WSW: Earth Day Arrives With Concern About Climate Policy
Members of the Climate Change Work Group at Western Michigan University say they are concerned about a number of issues with the Trump administration, but climate change is at the top of the list.
Western Michigan University Professors Paul Clements (Political Science) and Alan Webb (English) joined us to discuss environmental issues ahead of Earth Day. Clements says if anything the climate change work group has grown more concerned since President Trump took office. He says proposed cuts to the Environmental Protection Agency budget and the possible closing of the agency’s Region 5 office show that a dismantling of the EPA is moving ahead. Webb says the United States’ commitments to climate change agreements are also at risk.
An Earth Day celebration will be held Saturday in Kalamazoo’s Bronson Park. Clements says the emphasis will be on the issue of climate change. He says the current trajectory of carbon emissions is unsustainable, but Clements says there is still a lot that can be done to answer that. Webb says global temperature continues to rise, and the long-term trends are very disturbing. Webb says he’s not sure how climate change became a partisan issue, but he says addressing it will require a collaborative effort.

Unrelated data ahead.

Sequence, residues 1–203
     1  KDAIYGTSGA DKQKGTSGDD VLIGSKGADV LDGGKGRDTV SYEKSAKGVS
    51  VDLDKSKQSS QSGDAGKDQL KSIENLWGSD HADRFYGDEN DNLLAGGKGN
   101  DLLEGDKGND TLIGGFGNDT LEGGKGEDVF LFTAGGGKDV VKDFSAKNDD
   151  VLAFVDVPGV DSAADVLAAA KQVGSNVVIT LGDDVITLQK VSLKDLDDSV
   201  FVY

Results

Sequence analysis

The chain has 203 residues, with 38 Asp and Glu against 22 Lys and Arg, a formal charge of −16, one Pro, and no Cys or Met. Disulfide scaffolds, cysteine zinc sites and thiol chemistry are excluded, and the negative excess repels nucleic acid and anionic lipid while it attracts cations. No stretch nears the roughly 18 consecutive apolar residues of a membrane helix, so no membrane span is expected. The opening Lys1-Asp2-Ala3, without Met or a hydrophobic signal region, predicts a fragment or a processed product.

Asked if, President Trump is just doing what he was elected to do, Webb says people voted for Trump for many reasons. But he says the President is wrong on the science of climate change. Clements says President Trump won the election, but that doesn’t make what he says about climate change true.
It was reported this week that the EPA’s Region 5 could close and consolidate with an office near Kansas City. Agency officials say no decision has been made about consolidating EPA regional offices. Clements says there’s no way an office in Kansas can do an adequate job of maintaining the Great Lakes with a smaller staff than what the regional office has in Chicago.